The Real Story Behind David Bowie And Queen's Under Pressure

Creative inspiration often strikes when we least expect it. Rock icon David Bowie was a master at harnessing spontaneity and letting it take him on an unanticipated journey. In 2014, Bowie talked with Louder Sound about his songwriting process. "It's absolutely essential that I get surprised and excited by what I'm doing," the "Rebel Rebel" songwriter said. "To allow the accidental to take place is often very good."

In the interview, Bowie also talked about his love of mixing different musical styles to "hybridize" them. He recognized this technique as one of his strengths, something that is supported by Bowie's star-studded list of collaborations — a list that includes legends like John Lennon. Like Bowie's songwriting, some of these collaborations also happened with very little planning, such as his creative partnership with Queen.

Bowie and Queen's 1981 collaboration, "Under Pressure," was a chart-topping success, hitting the coveted No. 1 spot in the U.K. for two weeks, per Official Charts. The song's enduring appeal is another indicator of its success. In a 2016 poll, voters declared "Under Pressure" Britain's favorite duet, per Louder Sound. The song also remains in the public eye with covers from artists like My Chemical Romance and The Used, as well as Shawn Mendes and Teddy Geiger (via Biography). Clearly, "Under Pressure" is one catchy tune. As a bonus, it also has an interesting back story.

Under Pressure is a perfect blend of collaborative and creative instincts

According to the YouTube series "Queen the Greatest," David Bowie's collaboration with Queen began as a spur-of-the-moment decision. In July 1981, Queen was recording in Montreux, Switzerland, and Bowie was invited to swing by and watch the band at work. "Suddenly you're writing something together and it was totally spontaneous, it certainly wasn't planned. It was peculiar!" Bowie said in archival footage included in the episode. Queen's Drummer, Roger Taylor, remembered that night as being part party atmosphere, part jam session. "We were all drunk," Taylor recalled in the documentary. After playing a variety of tunes, he recalls Bowie suggesting they write something new. 

Queen guitarist Brian May credits the group's bassist, John Deacon, with getting things started by crafting a catchy bass line, per Entertainment Weekly. Despite playing the notes repeatedly, Deacon forgot the riff after the group took a pizza break. Fortunately, Taylor saved the day by remembering it, according to the documentary.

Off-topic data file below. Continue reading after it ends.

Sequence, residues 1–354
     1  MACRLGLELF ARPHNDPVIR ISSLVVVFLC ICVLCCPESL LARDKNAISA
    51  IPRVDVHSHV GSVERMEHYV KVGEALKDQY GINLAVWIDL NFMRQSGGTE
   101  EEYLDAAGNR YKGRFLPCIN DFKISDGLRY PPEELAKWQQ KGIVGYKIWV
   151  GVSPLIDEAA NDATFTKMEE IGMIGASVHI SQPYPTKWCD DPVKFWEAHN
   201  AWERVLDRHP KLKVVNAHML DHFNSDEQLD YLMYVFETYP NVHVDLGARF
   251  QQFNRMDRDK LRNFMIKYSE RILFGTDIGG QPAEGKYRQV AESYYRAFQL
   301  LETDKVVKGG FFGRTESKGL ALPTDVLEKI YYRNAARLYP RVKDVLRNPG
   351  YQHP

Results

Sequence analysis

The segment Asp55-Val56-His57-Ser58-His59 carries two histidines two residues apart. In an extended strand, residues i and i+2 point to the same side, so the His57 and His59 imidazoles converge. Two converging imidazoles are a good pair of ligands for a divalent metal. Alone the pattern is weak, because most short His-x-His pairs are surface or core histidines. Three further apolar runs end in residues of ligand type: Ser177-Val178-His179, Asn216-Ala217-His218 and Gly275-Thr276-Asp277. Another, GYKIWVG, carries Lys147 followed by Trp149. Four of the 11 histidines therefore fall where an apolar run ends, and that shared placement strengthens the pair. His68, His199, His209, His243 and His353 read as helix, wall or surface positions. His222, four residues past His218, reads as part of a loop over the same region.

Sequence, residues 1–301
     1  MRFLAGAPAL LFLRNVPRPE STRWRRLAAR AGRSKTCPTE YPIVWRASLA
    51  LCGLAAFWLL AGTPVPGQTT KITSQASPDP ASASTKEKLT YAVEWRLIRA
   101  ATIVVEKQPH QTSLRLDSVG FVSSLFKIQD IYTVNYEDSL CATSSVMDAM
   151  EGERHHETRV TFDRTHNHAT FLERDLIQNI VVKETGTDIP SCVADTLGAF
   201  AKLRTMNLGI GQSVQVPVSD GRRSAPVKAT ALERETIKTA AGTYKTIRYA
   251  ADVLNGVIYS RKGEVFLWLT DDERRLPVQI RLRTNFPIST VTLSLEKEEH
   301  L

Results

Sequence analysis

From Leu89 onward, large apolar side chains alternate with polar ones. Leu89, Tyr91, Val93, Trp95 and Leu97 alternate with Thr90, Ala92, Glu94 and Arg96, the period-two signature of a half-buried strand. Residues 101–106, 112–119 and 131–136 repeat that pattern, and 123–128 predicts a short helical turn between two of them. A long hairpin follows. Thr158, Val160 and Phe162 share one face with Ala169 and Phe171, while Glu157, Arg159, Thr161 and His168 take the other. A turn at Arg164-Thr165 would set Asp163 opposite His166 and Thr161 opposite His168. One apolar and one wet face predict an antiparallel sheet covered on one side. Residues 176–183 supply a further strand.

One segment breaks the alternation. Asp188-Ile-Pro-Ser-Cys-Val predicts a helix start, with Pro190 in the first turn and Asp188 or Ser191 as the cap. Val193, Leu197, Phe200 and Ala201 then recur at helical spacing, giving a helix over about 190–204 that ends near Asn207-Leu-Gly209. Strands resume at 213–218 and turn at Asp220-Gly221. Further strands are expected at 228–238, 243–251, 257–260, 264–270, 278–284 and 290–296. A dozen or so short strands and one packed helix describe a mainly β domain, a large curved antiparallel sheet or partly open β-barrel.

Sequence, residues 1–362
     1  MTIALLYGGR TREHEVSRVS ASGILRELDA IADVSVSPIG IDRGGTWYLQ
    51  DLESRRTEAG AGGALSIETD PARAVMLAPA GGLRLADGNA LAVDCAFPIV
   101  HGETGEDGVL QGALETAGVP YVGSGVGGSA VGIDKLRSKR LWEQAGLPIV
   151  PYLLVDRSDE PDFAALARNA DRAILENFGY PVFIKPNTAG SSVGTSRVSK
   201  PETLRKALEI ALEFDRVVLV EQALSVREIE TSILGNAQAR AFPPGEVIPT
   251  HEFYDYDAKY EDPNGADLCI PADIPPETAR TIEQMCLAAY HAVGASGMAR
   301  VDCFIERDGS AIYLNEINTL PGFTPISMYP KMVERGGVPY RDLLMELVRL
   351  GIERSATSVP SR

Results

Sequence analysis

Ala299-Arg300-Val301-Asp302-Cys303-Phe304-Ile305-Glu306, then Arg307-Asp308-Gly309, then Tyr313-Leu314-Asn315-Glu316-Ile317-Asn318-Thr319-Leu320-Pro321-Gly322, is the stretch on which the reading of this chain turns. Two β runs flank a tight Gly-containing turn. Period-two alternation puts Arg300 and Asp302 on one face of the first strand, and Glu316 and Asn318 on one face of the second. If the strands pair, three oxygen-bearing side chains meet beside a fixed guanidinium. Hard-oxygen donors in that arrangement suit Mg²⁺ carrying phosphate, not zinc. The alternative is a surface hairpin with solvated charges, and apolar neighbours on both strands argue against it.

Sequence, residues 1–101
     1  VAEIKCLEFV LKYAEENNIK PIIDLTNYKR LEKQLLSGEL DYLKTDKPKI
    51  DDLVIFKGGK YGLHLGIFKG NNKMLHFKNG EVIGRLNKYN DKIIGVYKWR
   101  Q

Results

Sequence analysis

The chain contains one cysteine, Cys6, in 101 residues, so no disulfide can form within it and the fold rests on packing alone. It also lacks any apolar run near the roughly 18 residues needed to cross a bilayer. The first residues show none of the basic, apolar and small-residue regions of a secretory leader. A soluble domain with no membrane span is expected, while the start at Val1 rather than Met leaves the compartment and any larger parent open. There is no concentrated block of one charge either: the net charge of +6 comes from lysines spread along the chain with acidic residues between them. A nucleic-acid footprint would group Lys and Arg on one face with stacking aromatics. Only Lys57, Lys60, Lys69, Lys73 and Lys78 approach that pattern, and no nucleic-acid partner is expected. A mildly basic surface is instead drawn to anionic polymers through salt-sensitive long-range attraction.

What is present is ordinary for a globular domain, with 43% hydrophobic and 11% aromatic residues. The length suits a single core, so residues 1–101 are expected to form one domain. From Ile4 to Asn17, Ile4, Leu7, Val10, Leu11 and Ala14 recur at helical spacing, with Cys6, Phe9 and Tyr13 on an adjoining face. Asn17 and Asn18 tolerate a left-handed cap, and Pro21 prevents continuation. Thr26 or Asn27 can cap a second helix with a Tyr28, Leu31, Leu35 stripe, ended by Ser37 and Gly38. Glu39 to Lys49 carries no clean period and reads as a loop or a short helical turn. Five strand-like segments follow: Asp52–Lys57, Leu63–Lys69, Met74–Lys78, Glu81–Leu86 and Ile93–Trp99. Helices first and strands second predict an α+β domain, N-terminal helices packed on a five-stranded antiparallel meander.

While Queen favored a more structured approach to crafting songs, Bowie emphasized improvisation. "Each of us went into the vocal booth consecutively, without listening to each other and listening to the track, vocalized the first things that came into our heads, including any words," May recalled of the experience (via Biography). Following the rough draft, Bowie's creative vision for the song lyrics took center stage. "It's a significant song because of David and its lyrical content," May later told Mojo (via New Musical Express).

Even creative magic had a few sticking points for David Bowie and Queen

Besides the near loss of that magical bass line, there were a few bumps in the creative process in the making of "Under Pressure." In the YouTube series "Queen the Greatest," Brian May admitted that it was hard for him to let David Bowie assume creative control. "It's quite a difficult process and somebody has to back off and actually I did back off, which is unusual for me," May said.

According to May, Freddie Mercury and Bowie had some creative differences. "But that's when the sparks fly and that's why it turned out so great," he later told Mojo (via Biography). Indeed, it seemed to work. The lyrics sung by Mercury and Bowie work in counterpoint to one another and offer a striking contrast, described as a "battle of wills between the two men," according to American Songwriter. Bowie also insisted on changing the original title, "People on the Streets," to "Under Pressure," per Far Out.

With the tragic death of Mercury in 1991 due to AIDS-related complications, and Bowie in 2016 to liver cancer, "Under Pressure" remains a lasting legacy of the two artists' creative talents. For enthusiasts who hope to uncover more treasures from this collaboration, May told Mojo that additional tracks from the epic recording session are out there somewhere (via Biography).